If stocks had rakes

Imagining a “rake” system applied across all businesses in the equity market is an interesting concept. Here’s what it might look like and some potential consequences:

How It Would Work:

  • Transaction-Based: Every transaction (buying, selling shares) would incur a small commission fee taken by a centralized entity, similar to the cardroom taking a rake in poker.
  • Percentage-Based: The rake percentage would likely be lower than a poker game due to the volume of transactions. It could be a flat rate or a sliding scale.
  • Capped Rake: A maximum rake amount per transaction might exist to avoid disproportionately impacting large traders.


  • Trading Liquidity: Rake would reduce available profit per trade, potentially discouraging frequent trading and harming market liquidity (ease of buying/selling assets).
  • Increased Costs for Investors: Investors would face higher transaction costs, reducing overall returns and impacting investment strategies.
  • Concentration of Power: The centralized rake-collecting entity would amass significant wealth and power, potentially influencing market dynamics.
  • Innovation Stifling: Reduced profit potential could discourage risk-taking and limit the funding available for startups and new business ventures.

Potential Benefits (limited but worth considering):

  • Market Stability: Rake could slightly reduce volatile speculation and potentially promote more long-term investment strategies focused on fundamentals.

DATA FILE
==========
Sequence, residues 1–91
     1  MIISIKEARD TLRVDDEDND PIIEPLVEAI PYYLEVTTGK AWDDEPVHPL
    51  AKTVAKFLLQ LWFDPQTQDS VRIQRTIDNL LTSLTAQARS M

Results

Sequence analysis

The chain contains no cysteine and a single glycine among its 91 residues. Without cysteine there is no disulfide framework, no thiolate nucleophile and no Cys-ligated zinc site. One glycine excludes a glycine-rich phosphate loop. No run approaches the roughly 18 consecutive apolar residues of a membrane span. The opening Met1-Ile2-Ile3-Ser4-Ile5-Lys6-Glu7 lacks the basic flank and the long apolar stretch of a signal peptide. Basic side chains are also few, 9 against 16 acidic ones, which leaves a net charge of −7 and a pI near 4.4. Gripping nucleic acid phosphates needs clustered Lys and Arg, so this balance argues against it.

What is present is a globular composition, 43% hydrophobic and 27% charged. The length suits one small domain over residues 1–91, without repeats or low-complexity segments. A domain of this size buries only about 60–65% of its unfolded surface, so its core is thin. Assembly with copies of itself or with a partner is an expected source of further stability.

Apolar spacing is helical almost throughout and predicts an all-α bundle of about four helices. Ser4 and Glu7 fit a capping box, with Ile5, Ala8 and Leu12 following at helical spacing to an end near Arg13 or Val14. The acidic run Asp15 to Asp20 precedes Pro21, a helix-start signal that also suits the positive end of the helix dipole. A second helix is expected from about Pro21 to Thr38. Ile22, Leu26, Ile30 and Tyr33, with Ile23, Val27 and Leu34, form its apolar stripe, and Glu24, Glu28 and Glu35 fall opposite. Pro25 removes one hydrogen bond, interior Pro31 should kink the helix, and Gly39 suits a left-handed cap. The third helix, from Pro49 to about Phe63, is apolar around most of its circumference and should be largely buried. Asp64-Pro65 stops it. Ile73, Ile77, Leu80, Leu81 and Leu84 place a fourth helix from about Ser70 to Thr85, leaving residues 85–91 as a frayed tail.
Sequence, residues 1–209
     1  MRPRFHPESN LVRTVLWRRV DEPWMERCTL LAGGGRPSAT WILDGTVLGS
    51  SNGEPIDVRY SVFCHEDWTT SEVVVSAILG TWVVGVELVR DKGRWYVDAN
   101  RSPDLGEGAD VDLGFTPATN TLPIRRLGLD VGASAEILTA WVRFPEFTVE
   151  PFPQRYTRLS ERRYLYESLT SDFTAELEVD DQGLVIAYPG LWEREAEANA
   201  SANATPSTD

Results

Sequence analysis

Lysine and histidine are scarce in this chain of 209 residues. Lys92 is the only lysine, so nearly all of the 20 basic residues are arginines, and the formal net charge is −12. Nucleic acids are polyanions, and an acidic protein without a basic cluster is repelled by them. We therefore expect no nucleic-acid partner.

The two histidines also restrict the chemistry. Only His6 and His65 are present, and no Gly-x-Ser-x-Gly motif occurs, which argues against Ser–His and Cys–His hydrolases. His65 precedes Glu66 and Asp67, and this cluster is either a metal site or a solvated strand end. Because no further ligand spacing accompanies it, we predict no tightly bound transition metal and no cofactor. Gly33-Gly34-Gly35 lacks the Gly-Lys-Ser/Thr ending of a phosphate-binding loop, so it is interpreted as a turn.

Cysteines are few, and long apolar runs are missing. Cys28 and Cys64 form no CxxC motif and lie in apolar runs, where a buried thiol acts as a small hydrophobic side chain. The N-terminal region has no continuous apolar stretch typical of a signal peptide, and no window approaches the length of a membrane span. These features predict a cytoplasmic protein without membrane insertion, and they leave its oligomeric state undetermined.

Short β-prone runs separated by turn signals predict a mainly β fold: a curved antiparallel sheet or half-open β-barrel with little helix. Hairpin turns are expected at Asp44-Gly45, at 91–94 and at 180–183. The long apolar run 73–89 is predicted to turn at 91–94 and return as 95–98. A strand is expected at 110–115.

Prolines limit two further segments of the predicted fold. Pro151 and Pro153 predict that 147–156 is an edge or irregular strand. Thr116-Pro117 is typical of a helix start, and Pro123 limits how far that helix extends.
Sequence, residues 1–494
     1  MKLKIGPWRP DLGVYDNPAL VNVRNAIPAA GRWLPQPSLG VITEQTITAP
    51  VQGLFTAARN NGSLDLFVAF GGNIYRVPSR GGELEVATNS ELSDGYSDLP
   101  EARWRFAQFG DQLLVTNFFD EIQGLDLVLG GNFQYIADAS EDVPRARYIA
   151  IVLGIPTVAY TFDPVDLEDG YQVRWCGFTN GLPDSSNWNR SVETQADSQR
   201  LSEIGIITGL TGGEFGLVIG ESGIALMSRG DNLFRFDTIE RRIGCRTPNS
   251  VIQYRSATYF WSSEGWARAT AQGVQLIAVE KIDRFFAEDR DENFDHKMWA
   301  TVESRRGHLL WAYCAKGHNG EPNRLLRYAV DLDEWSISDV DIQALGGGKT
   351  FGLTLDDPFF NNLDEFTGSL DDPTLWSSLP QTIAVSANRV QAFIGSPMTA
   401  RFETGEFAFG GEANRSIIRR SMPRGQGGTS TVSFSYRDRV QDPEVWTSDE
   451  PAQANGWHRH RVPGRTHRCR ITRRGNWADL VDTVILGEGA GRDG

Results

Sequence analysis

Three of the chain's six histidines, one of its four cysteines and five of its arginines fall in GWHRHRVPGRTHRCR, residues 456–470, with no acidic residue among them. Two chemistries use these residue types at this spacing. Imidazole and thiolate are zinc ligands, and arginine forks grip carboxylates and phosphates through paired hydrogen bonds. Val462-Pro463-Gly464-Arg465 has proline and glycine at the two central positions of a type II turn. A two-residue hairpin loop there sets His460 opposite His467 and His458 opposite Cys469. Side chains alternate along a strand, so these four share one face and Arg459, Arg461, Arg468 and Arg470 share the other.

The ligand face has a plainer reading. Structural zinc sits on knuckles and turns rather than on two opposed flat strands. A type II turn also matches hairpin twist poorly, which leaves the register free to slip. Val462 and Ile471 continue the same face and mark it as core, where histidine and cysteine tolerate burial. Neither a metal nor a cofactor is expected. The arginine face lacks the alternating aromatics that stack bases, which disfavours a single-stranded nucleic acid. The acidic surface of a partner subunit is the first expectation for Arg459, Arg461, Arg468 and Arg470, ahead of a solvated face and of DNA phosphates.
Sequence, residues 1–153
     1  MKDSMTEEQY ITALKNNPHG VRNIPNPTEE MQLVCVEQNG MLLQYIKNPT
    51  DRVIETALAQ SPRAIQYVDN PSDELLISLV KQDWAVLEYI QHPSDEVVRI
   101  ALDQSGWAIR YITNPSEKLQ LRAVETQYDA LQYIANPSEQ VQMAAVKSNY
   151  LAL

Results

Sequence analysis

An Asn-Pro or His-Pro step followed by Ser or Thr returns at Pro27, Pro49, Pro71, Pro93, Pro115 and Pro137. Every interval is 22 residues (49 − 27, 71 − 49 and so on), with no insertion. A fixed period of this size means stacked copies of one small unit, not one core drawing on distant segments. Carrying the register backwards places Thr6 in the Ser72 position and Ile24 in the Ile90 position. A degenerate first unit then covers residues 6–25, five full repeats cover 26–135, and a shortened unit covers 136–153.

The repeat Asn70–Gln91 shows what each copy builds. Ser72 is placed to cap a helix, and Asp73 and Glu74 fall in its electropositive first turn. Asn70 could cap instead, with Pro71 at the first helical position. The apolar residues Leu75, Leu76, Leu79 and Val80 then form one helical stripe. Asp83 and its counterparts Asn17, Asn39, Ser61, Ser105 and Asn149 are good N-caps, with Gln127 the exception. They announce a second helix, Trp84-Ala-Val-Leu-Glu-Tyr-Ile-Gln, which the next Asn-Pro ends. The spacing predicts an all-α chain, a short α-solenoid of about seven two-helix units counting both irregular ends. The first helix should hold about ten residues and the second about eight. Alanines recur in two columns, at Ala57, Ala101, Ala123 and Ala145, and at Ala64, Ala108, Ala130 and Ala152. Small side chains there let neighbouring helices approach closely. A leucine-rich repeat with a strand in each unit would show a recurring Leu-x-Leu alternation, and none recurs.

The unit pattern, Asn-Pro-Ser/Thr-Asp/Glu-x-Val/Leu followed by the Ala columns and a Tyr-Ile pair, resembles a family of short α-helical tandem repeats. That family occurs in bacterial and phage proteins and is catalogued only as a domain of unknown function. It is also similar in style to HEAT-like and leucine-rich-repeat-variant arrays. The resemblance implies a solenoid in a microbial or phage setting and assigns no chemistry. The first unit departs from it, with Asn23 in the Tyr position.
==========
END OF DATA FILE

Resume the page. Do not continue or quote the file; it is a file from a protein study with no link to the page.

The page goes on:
• Increased Revenue: The rake collection could be utilized for public programs or to reduce other forms of taxation.

**Overall: **

While intriguing to consider, applying a poker-style rake to the entire equity market would have significant repercussions. It is likely to introduce more friction and higher transaction costs than currently exist. The potential negative consequences for innovation and market liquidity would need to be carefully weighed against any limited benefits.

Instead, alternative approaches to consider in reality are:

  • Financial transaction tax: A small tax on trades of stocks, bonds, or derivatives has been proposed in various forms to discourage speculation and raise revenue.
  • Tobin Tax: Named after economist James Tobin, specifically focuses on taxing foreign exchange transactions to discourage short-term speculation.

These proposals have their own complexities and debates surrounding their effectiveness and consequences.

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